As part of the former Soviet Union, Azerbaijan has had to develop and maintain its own health care system and standards. As of 1999, there were an estimated 3.6 doctors and 9.7 hospital beds per 1,000 people. In 1999, the total expenditure on health was estimated at 1.8% of GDP.
Azerbaijan's infant mortality rate for 2000 was 13 per 1,000 live births and the total fertility rate was 2.0 per woman. In 1998 the maternal mortality rate was 43 per 100,000 live births. As of 1999, the country immunized an estimated 99% of one-year-old children against diphtheria, pertussis, and tetanus and 99% against polio.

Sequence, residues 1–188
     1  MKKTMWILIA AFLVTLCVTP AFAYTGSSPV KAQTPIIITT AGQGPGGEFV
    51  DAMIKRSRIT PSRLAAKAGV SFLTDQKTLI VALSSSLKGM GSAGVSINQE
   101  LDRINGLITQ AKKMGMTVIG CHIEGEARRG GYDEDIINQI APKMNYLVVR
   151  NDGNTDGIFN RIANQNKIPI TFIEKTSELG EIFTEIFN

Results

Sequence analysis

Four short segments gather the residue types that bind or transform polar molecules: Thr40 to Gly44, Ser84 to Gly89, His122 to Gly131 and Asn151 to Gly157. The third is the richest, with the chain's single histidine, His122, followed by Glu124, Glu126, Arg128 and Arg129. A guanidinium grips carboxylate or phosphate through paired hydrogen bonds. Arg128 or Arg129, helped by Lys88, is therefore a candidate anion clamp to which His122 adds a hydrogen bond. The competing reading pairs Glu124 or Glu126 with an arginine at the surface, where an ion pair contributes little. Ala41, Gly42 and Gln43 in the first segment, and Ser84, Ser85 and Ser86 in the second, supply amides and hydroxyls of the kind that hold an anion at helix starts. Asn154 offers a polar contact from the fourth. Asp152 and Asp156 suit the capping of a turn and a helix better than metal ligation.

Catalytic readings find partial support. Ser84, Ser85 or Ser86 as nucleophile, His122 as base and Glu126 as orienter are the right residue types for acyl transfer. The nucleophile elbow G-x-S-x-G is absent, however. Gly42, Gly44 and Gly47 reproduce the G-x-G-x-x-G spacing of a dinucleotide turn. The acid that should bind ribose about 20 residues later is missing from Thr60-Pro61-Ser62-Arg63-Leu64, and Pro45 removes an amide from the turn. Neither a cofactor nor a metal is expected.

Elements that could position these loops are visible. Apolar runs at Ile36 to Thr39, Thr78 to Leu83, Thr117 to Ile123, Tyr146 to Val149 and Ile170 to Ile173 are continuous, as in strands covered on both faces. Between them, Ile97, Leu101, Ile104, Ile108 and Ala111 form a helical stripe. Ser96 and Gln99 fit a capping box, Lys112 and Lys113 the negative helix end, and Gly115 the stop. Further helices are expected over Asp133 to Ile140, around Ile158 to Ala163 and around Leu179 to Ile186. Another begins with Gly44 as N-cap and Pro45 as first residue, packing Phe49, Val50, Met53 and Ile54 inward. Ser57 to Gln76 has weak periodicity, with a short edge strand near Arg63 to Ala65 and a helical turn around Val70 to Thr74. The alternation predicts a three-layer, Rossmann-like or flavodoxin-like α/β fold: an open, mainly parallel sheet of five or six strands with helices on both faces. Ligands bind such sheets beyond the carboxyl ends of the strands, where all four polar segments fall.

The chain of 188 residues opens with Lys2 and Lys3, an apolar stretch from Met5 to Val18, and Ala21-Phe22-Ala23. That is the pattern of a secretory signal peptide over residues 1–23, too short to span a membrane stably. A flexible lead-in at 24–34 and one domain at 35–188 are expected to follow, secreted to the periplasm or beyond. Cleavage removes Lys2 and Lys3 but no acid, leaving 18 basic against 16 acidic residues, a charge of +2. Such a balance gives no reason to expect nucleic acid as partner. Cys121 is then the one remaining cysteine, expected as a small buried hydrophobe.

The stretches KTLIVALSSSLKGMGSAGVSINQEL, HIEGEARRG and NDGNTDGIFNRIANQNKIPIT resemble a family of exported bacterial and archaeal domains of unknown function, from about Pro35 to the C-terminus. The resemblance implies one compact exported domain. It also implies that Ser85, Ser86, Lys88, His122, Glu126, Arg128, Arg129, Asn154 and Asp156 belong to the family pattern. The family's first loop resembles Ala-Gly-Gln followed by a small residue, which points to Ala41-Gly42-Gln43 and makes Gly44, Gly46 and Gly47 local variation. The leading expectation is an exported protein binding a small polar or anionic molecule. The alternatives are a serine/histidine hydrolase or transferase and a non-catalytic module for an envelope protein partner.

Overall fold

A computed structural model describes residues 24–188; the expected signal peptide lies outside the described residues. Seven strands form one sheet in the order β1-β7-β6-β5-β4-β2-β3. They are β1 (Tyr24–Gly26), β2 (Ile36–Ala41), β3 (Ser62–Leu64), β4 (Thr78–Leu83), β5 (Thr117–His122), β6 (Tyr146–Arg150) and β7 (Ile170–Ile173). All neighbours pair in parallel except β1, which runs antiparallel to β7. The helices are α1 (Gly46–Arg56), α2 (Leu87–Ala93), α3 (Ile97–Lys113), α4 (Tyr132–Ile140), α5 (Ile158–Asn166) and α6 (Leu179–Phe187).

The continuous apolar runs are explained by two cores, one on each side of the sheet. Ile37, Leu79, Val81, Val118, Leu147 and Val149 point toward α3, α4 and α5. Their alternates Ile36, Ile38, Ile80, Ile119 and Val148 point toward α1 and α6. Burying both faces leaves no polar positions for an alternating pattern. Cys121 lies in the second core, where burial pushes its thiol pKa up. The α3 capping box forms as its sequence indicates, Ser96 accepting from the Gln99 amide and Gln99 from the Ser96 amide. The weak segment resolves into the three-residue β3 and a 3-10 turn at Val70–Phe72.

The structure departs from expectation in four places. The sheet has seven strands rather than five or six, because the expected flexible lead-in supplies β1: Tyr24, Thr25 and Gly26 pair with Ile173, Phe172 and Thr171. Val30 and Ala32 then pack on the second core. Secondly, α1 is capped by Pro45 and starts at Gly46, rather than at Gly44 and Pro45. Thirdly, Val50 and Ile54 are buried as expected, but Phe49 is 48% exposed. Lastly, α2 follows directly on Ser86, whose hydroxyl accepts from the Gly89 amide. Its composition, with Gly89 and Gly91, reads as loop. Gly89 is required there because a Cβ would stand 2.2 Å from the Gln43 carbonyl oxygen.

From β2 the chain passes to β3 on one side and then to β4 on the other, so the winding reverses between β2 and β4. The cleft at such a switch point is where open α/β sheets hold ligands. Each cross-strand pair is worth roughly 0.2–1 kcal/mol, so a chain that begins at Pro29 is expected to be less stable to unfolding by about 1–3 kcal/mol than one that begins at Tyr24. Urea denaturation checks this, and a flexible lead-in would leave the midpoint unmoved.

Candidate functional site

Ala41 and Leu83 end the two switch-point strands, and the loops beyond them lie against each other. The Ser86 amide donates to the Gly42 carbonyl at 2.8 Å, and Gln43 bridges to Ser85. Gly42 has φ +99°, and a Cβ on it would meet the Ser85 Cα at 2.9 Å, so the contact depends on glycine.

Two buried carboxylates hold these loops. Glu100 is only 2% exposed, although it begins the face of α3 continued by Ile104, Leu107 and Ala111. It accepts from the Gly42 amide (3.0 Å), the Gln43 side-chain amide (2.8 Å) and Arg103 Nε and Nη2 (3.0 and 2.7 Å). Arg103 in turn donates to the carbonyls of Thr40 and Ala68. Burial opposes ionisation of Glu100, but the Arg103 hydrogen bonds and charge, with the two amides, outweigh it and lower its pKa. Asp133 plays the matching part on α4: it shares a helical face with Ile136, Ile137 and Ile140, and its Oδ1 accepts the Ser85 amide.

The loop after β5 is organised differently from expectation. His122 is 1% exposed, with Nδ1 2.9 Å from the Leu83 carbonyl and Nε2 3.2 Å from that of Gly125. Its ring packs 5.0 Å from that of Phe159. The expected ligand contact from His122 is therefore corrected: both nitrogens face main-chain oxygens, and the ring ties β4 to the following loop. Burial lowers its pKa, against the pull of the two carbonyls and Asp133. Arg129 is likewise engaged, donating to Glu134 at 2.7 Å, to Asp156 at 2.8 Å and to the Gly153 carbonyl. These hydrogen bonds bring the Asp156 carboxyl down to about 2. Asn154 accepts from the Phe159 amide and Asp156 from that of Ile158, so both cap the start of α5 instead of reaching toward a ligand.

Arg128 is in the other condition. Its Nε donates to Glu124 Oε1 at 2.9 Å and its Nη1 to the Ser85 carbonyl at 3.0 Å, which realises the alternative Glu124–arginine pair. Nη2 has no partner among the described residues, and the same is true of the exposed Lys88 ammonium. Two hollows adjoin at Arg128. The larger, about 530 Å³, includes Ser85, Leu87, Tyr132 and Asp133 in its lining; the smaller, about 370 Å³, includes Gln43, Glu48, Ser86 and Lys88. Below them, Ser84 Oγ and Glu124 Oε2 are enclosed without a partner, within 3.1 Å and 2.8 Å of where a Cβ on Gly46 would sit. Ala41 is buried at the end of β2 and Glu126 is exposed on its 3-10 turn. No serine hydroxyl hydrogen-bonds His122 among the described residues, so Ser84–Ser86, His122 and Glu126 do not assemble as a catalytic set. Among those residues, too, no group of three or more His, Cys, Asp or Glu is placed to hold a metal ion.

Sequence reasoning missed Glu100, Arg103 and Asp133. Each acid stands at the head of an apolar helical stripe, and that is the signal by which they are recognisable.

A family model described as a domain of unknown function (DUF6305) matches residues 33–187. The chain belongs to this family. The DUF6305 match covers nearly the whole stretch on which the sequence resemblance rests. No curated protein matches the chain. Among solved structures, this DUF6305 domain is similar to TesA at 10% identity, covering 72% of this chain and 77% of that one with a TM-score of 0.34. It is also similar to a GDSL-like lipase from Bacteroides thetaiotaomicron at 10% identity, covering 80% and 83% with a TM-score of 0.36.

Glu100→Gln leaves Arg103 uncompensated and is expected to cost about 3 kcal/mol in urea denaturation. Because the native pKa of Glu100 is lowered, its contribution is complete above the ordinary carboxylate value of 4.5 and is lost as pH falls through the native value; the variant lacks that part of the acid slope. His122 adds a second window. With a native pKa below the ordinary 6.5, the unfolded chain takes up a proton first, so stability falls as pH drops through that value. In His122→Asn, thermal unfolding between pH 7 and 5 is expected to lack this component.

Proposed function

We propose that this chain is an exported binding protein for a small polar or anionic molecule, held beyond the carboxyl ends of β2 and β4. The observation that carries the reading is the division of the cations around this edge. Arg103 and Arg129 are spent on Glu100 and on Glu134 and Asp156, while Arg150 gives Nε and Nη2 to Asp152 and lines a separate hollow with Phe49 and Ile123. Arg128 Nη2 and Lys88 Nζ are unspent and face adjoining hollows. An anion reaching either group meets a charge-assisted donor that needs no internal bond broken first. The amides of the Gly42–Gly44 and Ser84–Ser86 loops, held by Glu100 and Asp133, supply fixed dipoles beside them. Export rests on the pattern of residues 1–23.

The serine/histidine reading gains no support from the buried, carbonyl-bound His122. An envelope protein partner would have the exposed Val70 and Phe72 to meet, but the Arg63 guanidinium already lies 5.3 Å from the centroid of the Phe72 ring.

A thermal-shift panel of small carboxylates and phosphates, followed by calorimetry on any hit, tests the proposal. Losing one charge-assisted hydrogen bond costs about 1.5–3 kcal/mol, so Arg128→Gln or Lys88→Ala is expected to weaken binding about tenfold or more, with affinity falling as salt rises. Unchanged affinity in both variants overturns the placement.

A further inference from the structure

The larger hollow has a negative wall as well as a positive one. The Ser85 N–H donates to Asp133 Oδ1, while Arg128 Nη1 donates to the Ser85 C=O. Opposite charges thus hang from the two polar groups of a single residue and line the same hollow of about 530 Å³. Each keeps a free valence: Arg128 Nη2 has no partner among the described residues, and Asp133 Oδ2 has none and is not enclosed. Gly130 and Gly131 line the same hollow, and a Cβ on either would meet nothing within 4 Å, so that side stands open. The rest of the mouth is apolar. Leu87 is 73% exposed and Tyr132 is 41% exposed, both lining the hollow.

The overall death rate in 2002 was estimated at 10 per 1,000 inhabitants. Thousands of lives were lost between 1989 and 1992 when the country was at war with Armenia. Few cases of AIDS have been reported in the last few years. In 1996, two cases were reported; the total number of people living with AIDS/HIV was under 500 in 1999. Diphtheria, tuberculosis, hepatitis A, and diarrheal and acute respiratory infections have been serious public health problems. There have also been outbreaks of anthrax, botulism, cholera, tetanus, and malaria. Measles and tuberculosis still remain in this country despite a high incidence of vaccination for one-year-old children. In 1999, the incidence of tuberculosis was 62 per 100,000 people.